Tuesday 28 May 2019

/ by Colin Udoh

Heading in vain. Valentine Ozornwafor's best efforts were not enough to stop Sebastian Soto/FIFA

Even as the Flying Eagles routed Qatar 4-0, the warning signs were clear and ominously present. The inexperienced Qatari moved better, passed the ball better, exploited openings better and carved the Nigerians open with ease that was at times embarrassing.
Their only drawback was the lack of efficiency in front of goal. It was clear that the Flying Eagles style would not survive much sterner scrutiny.
And the USA duly proved it on Monday. Here are three takeaways from the game.

One of the most important things a coach does going into a game is prepare for the opposition by scouting them to the minutiae. Especially for a tournament where the draws had been made in advance.
Failing that however, the next best thing is to use the opening five to 10 minutes to assess the opposition, how they defend, how they attack and what weaknesses there are to exploit.
The USA played soon after Nigeria’s game against Qatar. Paul Aigbogun and his team had plenty of time to study them. They obviously did not.
Ukraine’s tactics were to sit in a low block and exploit spaces left by the USA when they poured forward. It worked. Aigbogun chose to start with a high press, which left yawning gaps all over the field. It was a gift the Americans were only too glad to accept as they calmly played their way out of trouble, and then pinned the Nigerians to their half, putting particular pressure on the fullbacks who had been the major attacking outlets against Qatar.
Aigbogun failed to react, failed to shut down the spaces as his team attempted to go on a passing toe to toe against a side as well-drilled as the US. The failure was spectacular. At one point during the first half, possession was 66% to the US.
In fairness to the Flying Eagles coach he made an adjustment within half an hour, hooking Tom Dele-Bashiru after a shocking error-strewn play. The Manchester City youngster was hooked for Aniekeme Okon, who brought energy and stability into the midfield.
At least we can’t say Aigbogun doesn’t know when to make a change.

Aigbogun may have been quick to react, but he was also hampered by the tools he had. His players lack of basics was painfully accentuated by the technical ability and near-scripted execution of USA. 
They passed with crisp fitness, moved economically, exploited space and switched play almost telepathically. Their choreography left the Nigerians running around chasing their own tails.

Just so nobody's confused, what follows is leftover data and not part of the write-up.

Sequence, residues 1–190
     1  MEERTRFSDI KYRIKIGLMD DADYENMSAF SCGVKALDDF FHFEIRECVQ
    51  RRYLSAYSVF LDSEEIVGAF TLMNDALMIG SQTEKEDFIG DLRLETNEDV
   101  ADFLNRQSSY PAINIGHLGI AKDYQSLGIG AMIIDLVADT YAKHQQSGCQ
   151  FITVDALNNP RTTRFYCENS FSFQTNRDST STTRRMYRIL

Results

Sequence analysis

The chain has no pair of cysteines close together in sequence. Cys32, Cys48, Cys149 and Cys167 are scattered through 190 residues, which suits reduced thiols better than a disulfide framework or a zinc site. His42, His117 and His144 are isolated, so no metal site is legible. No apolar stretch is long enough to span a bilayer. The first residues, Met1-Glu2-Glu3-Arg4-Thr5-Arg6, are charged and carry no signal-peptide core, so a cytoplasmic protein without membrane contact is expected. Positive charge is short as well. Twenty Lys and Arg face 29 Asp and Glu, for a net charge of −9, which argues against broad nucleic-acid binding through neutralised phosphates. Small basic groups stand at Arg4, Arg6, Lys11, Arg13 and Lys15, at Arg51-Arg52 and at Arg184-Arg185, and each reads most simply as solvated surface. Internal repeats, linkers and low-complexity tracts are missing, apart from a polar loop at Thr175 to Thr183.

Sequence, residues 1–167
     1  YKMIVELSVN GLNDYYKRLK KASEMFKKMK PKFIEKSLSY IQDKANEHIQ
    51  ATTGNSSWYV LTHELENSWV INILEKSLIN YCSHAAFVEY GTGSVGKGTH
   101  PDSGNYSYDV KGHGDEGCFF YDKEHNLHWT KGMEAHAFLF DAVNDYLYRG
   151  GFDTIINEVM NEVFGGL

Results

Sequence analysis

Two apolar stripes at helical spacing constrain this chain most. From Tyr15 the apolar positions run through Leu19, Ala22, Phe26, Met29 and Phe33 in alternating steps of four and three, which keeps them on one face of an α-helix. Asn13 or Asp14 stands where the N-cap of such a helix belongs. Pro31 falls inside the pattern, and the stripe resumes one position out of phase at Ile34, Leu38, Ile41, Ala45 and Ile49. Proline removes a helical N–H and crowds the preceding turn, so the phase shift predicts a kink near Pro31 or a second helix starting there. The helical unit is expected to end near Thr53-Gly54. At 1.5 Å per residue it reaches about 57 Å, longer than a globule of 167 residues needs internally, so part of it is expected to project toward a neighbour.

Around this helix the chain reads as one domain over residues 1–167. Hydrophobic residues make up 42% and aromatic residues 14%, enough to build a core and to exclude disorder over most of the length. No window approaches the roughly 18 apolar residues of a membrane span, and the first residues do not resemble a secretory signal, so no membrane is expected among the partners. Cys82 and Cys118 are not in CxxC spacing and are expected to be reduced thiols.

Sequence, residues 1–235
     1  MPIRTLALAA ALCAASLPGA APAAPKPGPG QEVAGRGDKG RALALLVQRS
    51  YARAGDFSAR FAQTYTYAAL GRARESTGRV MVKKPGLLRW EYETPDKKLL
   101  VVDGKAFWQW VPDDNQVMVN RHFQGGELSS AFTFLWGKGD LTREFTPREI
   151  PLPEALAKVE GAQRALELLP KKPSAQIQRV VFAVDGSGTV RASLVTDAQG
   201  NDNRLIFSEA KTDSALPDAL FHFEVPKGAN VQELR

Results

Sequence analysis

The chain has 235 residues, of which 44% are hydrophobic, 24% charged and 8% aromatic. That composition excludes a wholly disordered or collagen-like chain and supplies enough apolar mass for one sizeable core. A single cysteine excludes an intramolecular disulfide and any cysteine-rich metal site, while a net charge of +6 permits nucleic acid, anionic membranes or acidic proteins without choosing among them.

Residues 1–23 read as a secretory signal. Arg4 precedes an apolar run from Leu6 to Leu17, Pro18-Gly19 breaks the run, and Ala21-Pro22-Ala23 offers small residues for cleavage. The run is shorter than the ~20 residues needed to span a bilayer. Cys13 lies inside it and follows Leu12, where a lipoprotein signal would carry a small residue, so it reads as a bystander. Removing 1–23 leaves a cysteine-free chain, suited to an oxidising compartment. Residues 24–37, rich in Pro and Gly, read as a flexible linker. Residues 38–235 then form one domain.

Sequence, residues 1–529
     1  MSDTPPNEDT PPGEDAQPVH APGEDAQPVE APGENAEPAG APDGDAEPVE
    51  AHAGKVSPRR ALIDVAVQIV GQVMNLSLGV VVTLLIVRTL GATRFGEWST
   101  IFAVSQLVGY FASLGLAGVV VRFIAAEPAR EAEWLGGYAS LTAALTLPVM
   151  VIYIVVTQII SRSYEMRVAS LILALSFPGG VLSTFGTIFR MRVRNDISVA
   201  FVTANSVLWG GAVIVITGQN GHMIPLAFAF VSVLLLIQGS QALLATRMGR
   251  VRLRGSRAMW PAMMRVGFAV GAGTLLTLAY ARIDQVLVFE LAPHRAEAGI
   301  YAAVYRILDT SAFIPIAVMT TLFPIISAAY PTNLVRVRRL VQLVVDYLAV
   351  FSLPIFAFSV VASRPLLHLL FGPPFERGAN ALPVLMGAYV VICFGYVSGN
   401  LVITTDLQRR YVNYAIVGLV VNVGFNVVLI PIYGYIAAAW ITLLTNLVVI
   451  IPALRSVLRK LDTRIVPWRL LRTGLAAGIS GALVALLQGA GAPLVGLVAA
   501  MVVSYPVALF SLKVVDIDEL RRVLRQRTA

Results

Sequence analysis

When they did get possession, their touches were so heavy they could barely string three passes together before turning the ball over. Individual breakdowns littered the pitch.
Players appeared determined to forget that football is a team game, preferring to run into two or three-man cul de sacs when it was easier and more effective to pass their way out of trouble. 
The second goal was of such embarrassing simplicity it cold only be compared to a chess player falling for Scholar’s mate, an elementary checkmate in four moves. Four US players were involved, starting with the goalkeeper as they ran the length of the pitch without a single Nigerian player tracking within yards!
Thursday is not so far away, but Aigbogun needs to sort these out. Fast.

For all the hysterics that attended the game - and yes, said hysterics were justified - it wasn’t all doom and gloom.
There were a still positives to glean from the defeat. For one, the players did not roll over. Once the coach made the small but significant tweak of bringing on Okon, the midfield stabilised, Kingsley Michael became more influential and the Flying Eagles gradually wrested control. Oh, and they started passing the ball too! Shocker!
This proves that this team can ball, if they set their mind to it and have the right tactics and selection.
Success Makanjuola surely must have done enough over two games to have eared himself a starters shirt over Okechukwu Offia. And impressive as Tom Dele-Bashiru was in the first game, Aniekeme Okon’s energy, passing and vocal authority may just have nicked him a shirt for the next game 
Beyond personnel, Aigbogun needs to lay down the law on at least two things. First, players must stay tight and tackle to win and keep the ball. Two, they must look to release the ball as quickly as possible keep passes over 10 feet to the barest minimum. In other works, play as a friggin team!
Not a bunch of Messi-photocopies from a decommissioned copier

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  1. I think Nigerian coaches typically feel obligated to attack no matter what because (1) they feel Nigerians expect it of them & (2) the history of past successful under age teams.
    More importantly Colin, you cannot give what you don't have. All your listed points have characterised the team from the off but little if anything has changed.
    That's why I dont expect significant fundamental changes in their basics, tactical awareness and performances against teams established in key rudiments. IMO the coach is limited & tactically I long foresaw a monumental crash.


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